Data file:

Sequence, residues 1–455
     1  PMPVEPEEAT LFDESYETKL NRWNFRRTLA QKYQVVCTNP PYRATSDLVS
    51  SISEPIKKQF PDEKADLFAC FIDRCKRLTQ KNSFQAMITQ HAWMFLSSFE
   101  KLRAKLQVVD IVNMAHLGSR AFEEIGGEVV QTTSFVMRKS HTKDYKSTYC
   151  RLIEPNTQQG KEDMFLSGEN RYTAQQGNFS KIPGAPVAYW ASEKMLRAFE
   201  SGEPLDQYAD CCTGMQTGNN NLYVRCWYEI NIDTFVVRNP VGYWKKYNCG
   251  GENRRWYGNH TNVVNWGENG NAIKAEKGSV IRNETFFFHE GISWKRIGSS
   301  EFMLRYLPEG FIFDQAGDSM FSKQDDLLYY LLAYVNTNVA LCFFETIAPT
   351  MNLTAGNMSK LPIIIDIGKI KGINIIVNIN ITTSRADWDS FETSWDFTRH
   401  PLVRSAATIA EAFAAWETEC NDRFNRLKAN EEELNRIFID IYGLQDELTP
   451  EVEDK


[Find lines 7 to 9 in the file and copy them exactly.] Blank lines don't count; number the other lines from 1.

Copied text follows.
   251  GENRRWYGNH TNVVNWGENG NAIKAEKGSV IRNETFFFHE GISWKRIGSS
   301  EFMLRYLPEG FIFDQAGDSM FSKQDDLLYY LLAYVNTNVA LCFFETIAPT
   351  MNLTAGNMSK LPIIIDIGKI KGINIIVNIN ITTSRADWDS FETSWDFTRH